North Carolina's Ninth District: Two Months On, Still In Limbo

North Carolina's Ninth District: Two Months On, Still In Limbo

6:38am Jan 09, 2019
Mark Harris, pictured in Nov. 2018, speaks to the media during a news conference in Matthews, N.C. (AP Photo/Chuck Burton, File)

North Carolina is home to the last unsettled congressional race in the nation: the 9th District, around Charlotte.

As of election night, Republican Mark Harris seemed to have edged out his Democratic competitor, Dan McCready, by just 905 votes.

Since then, evidence has turned up that there may have been foul play in the voting process that could have benefitted the Harris campaign.

But a new State Board of Elections, which will pick up an investigation where the old one left off, won’t be appointed until the end of the month.

So, what does this all mean, and what’s the state of the 9th District?

WFDD’s Sean Bueter spoke with Catawba College political scientist Michael Bitzer to find out.

Interview Highlights

On the many confusing pieces of the 9th District puzzle:

I almost describe it as three-dimensional, sometimes four-dimensional chess, because you have the issues going on with the 9th Congressional District that is overseen by a State Board of Elections that was previously ruled unconstitutional. And then you've also got layered on top of all of this the U.S. House of Representatives that has decided it's going to hold its own potential investigation into the 9th's issues and allegations as well.

So you've got the state level, the federal level, and a congressional district. We don't know if there's going to be a call for a new election that the state board could conceivably do. In addition, the U.S. House of Representatives could require a new election. So there are so many moving parts that we're not sure day by day what is happening.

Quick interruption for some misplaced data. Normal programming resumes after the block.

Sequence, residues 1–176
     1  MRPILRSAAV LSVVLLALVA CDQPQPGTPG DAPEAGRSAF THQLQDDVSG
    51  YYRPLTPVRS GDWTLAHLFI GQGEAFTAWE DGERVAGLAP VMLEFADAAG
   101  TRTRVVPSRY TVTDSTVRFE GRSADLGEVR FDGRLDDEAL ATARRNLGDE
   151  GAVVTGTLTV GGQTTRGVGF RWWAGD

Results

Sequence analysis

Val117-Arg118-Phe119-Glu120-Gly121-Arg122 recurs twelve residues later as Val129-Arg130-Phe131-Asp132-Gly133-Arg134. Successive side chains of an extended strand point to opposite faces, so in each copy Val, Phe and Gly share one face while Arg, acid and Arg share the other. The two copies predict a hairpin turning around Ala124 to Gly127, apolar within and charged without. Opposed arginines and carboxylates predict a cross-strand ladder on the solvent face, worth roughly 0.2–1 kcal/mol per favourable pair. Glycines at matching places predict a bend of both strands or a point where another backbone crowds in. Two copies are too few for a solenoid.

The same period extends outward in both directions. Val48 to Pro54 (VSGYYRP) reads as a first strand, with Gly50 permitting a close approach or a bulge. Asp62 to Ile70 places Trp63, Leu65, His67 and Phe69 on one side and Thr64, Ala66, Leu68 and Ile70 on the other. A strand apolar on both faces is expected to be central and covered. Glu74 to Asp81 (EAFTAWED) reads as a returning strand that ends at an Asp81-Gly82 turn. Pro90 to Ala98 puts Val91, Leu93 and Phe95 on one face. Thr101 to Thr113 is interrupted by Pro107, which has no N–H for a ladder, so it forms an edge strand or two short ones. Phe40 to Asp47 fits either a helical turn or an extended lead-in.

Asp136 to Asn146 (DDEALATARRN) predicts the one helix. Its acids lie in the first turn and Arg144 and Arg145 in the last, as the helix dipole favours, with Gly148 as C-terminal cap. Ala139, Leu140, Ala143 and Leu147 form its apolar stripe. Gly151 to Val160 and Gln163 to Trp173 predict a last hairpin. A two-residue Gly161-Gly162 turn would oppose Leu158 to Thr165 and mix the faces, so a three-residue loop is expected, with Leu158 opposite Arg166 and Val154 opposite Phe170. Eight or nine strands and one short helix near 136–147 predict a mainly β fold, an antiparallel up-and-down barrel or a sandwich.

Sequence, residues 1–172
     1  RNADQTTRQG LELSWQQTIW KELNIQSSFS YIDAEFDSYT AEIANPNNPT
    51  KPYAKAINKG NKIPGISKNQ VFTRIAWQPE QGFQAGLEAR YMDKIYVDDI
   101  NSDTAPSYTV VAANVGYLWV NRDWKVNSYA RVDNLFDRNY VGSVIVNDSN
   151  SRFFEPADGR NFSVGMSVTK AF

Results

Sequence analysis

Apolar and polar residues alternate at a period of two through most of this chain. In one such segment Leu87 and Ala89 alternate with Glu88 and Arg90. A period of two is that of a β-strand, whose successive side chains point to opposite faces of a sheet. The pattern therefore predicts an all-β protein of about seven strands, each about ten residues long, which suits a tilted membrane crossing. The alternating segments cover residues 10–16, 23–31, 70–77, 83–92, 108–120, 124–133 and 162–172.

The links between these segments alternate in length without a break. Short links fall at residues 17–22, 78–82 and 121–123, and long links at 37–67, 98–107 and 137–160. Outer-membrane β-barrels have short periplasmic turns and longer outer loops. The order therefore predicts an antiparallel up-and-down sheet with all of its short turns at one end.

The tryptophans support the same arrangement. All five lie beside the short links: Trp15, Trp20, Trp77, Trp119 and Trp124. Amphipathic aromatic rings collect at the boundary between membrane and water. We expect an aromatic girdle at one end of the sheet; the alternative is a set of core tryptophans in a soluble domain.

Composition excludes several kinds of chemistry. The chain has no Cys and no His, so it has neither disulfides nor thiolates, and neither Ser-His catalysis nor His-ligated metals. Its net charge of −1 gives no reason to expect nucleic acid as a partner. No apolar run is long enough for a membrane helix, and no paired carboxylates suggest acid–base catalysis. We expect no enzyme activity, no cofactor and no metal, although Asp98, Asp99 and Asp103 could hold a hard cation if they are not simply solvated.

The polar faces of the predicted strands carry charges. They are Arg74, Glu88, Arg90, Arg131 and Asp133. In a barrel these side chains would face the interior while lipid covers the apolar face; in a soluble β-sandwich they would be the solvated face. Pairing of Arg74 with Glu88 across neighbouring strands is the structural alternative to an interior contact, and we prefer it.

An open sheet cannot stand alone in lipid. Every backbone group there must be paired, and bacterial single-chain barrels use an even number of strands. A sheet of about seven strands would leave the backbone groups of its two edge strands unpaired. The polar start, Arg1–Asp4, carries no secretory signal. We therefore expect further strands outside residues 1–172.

On the many questions that remain:

I think the only clue that we are certain about is that we will have a new State Board of Elections come and be seated on January 31. That new board will be composed of three Democrats and two Republicans. They will be nominated by their respective party chairs and the governor will appoint those individuals.

The question then becomes: do they continue the investigation that has been put on hold? Do we have a hearing based on that investigation? And what decision do four members of that five-member board decide to do? Do they decide to go ahead and certify Mark Harris as the next representative from the 9th? If they order a new election, is that a primary and a general election? And whatever action the state takes, what does the U.S. House do?

I think there are so many unknowns right now, except for the fact that January 31 we'll have a new state board. After that we all have to be watching very closely as to what happens next.

On the things to keep in mind going forward:

I think, certainly, the idea that every vote matters, and that every vote should be counted, and that when you have bad human behavior trying to manipulate an electoral system it calls into question the integrity of that electoral system. So I hope that afterwards we can have the transparency that the State Board of Elections and North Carolina elections administration has been known for. But [we need to] recognize that sometimes bad people do bad things with information. And this is an unfortunate episode of allegations that we have seen in modern North Carolina political history.

(Ed.: This transcription has been lightly edited for clarity.)

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